Neither do environmental and social costs that some estimate to be about £14 billion a year, although in truth the calculations are virtually impossible. If the expansion plans go ahead, aviation will account for at least a quarter of UK carbon emissions by 2050. Equally, the £15 billion tourism deficit — the difference between what is spent by tourists here and British residents holidaying abroad — is ignored by ministers.
The Government’s ostensible fear is that if we don’t expand Heathrow, we will jeopardise the competitiveness of our aviation industry. But Heathrow is already the world’s busiest international airport, serving 17 per cent more passengers than its closest rival, Paris Charles de Gaulle, and 45 per cent more than Amsterdam’s Schipol. And let us not forget that there are another four “London” airports, which between them handle one third more passengers than Paris and nearly two-thirds more than Amsterdam.
Our competitors have a lot of catching up to do. Indeed, there are strong signals that the trend elsewhere in Europe is in the opposite direction. French President Nicolas Sarkozy stunned airlines late last month by announcing a freeze on new airport capacity. The aviation industry, used to years of deferential treatment by national governments, expected more of the same. As it was, Sarkozy’s commitment threatens plans for a major new airport in western France, and casts doubt on future expansion of the country’s hub, Charles de Gaulle.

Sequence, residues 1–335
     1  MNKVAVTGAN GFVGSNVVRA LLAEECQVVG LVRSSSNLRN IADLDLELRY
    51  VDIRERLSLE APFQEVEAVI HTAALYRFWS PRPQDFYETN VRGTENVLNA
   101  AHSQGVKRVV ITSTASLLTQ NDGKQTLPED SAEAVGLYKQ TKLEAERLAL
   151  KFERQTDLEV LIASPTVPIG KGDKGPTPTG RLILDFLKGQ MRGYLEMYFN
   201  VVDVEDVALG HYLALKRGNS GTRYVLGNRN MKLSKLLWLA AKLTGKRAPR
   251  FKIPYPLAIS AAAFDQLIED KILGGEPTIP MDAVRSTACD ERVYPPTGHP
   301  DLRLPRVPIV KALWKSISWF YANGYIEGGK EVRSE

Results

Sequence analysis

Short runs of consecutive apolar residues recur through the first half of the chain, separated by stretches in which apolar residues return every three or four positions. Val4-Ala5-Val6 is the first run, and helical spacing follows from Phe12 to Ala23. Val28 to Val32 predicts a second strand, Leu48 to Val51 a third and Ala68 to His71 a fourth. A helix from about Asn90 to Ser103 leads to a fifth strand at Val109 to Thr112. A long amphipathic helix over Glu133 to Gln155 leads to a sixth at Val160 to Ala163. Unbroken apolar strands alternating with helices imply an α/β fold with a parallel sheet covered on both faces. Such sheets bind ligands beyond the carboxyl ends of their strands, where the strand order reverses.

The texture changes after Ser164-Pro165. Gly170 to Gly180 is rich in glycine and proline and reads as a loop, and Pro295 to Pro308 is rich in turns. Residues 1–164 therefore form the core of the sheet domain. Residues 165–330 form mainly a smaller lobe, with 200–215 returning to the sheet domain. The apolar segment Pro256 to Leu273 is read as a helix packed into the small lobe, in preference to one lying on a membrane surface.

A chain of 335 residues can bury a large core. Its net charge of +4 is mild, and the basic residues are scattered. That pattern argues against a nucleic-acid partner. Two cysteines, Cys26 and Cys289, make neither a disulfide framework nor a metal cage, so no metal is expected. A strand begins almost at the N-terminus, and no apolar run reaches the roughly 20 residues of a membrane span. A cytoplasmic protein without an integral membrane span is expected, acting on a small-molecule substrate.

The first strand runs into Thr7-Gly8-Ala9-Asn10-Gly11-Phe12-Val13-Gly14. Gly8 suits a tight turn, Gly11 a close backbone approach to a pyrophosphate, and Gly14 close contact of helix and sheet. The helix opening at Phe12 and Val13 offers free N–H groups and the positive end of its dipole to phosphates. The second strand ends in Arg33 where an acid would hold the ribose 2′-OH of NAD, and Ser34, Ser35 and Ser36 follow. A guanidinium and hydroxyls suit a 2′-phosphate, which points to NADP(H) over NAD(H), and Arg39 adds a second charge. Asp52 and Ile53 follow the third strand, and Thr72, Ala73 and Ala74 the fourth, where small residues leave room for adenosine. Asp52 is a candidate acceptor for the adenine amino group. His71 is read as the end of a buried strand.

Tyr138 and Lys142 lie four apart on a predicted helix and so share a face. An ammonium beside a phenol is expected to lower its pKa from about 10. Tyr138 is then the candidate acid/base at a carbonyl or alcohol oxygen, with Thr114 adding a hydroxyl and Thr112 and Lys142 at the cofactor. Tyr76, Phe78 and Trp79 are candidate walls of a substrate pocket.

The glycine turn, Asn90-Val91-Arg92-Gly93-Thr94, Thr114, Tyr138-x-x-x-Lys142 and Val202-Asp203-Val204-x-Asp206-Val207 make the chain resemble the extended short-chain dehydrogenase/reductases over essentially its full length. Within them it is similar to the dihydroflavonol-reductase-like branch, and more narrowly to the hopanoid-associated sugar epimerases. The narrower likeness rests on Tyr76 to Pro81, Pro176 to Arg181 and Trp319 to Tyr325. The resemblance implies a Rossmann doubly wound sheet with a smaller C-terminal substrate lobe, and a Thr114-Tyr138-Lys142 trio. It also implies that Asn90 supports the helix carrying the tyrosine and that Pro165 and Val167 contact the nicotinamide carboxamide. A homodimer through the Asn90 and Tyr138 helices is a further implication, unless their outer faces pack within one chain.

There is strong opposition to the proposed expansion of Schipol airport, and countries around Europe are all debating the wisdom of rapid aviation growth. If other governments follow Sarkozy’s lead, more will inevitably do the same.
Another pro-aviation argument is that business will relocate overseas if Heathrow is not expanded. But the presence of an airport is a relatively minor consideration for most businesses. Only one per cent of the Institute of Directors think airport expansion is a priority, and a London Chamber of Commerce survey suggests four out of five London firms are against expanding Heathrow.